Ode to Alabama Deer Camp
Deer season is winding down with a little less than two weeks left. My wife is expecting our fourth child in about a month and I am thrilled about this However, the rut is in full swing in Alabama and my hunting camp has become a pretty special place to me.
This was going to be the year I pulled back from this damned obsession and developed healthier habits that are easier on wives and pocketbooks. Some things simply are not meant to be.
Season starts with a flicker of hope. Most folks prefer to put out a whole bunch of trail cameras. I am not knocking this, but I appreciate a good surprise and will gladly shoot the first three year old buck I see.
I am still working up to selectively watching bucks. I do enjoy watching two year olds; in the house I grew up in that was sacrilege.
Truthfully, the sport has evolved over the past 25 years. There is a lot of cool gear and gadgets now, but undoubtedly trophy hunting has become the Great White Whale. This is good and bad. The obvious good is the part where you grow amazing bucks that are the envy of Jackie Bushman.
The bad? It is belittling to every other hunter out there who is just happy to see a buck. It somehow implies that a "real hunter" will wait until a buck is at least four years old and I spent too many years of my youth hunting my guts out for a buck when you could not harvest a doe legally.
This character is burned into me. I am working on stepping up to that level, but at the end of the day, don't we all hunt deer to shoot them? If that's the case, then why does it matter at which age you place one in the freezer?
All this being said, I know guys who kill more trophy deer than chronic wasting disease who are as humble as they come. Those dudes are examples of how to encourage your fellow man.
As the season progresses, there is a certain tension that builds. It is unique to deer hunters. It sort of says, "You are my friend, but I hate you" when your buddy fills his tag before you. We may not like to admit this, but absolutely it is there.
December usually is somewhat of a lull after a couple of deer get picked off early season, but not always. Once we all survive the holidays and make it back to camp, we begin the countdown for the rut. It happens later, in January. Usually, we act like it happens early in January and start hunting hard too early. I still do not know why we do this, but we do, steady as the tide.
I have been trying to get my eight year old son Shep a buck this year. So far it is not coming together. I feel bad for him. Not because he has not scored, but because I can see it in his eyes. He already is cursed with this affliction. I love spending time afield with my son; Lord willing, we will hunt for many years to come.
The characters at deer camp are almost as entertaining as the hunting. The following are inspired by deer camps over the years; I bet you have a few in yours.
The control freak: usually a president, this is the guy who makes it happen. Think twice before you hate on him, because if you remove him, chaos will follow.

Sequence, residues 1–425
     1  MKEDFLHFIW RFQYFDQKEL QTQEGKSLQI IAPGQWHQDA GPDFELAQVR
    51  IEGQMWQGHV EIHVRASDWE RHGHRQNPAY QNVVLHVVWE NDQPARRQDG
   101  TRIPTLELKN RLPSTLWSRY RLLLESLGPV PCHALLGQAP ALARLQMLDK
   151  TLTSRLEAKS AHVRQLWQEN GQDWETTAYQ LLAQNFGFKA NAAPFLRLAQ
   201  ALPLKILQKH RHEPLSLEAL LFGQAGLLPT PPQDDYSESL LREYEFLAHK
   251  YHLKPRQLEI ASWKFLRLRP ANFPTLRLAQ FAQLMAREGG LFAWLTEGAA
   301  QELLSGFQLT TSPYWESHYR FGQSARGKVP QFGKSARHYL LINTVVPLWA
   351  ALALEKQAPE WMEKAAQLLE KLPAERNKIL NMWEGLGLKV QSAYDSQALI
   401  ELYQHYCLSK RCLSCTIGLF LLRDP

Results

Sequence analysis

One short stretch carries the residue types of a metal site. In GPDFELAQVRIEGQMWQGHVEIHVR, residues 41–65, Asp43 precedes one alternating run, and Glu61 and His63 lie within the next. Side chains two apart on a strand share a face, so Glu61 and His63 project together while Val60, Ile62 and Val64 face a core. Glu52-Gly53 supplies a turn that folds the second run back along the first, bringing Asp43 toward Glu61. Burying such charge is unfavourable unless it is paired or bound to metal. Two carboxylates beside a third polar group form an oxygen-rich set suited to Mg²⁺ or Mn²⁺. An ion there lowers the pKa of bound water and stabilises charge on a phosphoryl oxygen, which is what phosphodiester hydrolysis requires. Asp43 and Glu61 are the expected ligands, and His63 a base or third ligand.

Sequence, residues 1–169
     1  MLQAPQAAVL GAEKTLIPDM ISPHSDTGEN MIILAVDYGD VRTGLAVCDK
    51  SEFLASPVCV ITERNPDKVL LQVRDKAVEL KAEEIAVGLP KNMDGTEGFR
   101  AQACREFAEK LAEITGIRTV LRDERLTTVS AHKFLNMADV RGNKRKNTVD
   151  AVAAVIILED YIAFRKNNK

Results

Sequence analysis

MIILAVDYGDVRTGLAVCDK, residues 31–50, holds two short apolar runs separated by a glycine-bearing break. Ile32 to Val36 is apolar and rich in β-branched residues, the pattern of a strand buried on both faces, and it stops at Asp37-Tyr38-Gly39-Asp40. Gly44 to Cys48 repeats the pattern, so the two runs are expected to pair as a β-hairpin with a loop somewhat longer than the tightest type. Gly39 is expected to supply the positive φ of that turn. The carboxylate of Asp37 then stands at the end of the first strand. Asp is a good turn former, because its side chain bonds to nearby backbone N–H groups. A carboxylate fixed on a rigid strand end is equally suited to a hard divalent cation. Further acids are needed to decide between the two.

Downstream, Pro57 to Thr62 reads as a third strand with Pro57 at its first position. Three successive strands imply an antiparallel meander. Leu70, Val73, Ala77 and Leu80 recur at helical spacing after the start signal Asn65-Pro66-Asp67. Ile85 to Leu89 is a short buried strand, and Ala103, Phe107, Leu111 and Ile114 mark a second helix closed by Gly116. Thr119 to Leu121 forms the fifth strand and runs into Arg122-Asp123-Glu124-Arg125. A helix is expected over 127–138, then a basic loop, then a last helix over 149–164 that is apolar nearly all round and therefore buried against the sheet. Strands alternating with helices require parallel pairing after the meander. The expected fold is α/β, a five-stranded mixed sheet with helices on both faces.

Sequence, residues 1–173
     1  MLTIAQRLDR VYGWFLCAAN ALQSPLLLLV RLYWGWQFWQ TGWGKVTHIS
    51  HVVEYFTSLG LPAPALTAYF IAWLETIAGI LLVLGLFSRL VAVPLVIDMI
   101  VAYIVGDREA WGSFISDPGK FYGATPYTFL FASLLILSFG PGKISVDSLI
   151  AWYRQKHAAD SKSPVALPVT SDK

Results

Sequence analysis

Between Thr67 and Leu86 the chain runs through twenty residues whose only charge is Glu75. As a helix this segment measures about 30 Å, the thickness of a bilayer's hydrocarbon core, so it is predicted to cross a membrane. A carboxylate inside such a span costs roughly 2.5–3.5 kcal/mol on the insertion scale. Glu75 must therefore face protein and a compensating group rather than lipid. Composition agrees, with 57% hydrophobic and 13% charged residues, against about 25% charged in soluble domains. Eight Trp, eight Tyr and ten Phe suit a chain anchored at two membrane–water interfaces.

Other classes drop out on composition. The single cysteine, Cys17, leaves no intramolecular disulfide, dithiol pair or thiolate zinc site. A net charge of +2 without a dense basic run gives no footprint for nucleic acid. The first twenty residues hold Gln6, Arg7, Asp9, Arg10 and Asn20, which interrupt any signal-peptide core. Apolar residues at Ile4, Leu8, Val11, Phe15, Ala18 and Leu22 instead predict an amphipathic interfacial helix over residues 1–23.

The back stander: This guy is a pro at watching what a select few hunters do and then copying them. It is painful to watch.
The suck-up: Frankly, I do not understand why this jackass followed us from work to the woods, but here he is on our day off. Try not to be mean.
Captain low bar: Insert my picture and you have it. All I want is a club legal buck. I like grass patches, clear cuts and any other club stand that does not involve too much work. You can spot me pretty easily.
Brotherhood of the Bone Collector: These are the folks who spend more time at camp than you. They are putting in work in their off time, but just for hunting. The Brotherhood tends to be cliquish and will stop mid-conversation if an outsider walks up, lest they hear where that secret tree is located.
Mike: You all may not know Mike, but this guy is the deer killingest sumbitch I have ever met in my entire life. He gets a category all his own. Your club probably has its own Mike.
The good old boys: These guys probably are responsible for making the camp go, even if they don't seek the credit. They can be found any given weekend, in the offseason, on a tractor doing work. They are the heart and soul of camp, yet seek no recognition.
When it is all said and done, everybody gets along at deer camp. It is a magical place where from November until early February grown men can escape reality. It is like a real life Narnia. You go through the Wardrobe and all of a sudden three months have passed and you have a beard. How did this happen?
I truly believe deer hunting is one of the greatest anti-depressants our Creator provided for us. We live in a time where fewer and fewer people hunt and that is just sad to me. There is so much to gain from deer camp: friends and fellowship, food, thrills and good clean fun all around.
February 11 will be here very soon and it will all come crashing down, the reality that is life outside of hunting season. The nice thing about being in the South is you don't feel that way for very long. Turkey season opens March 15th!
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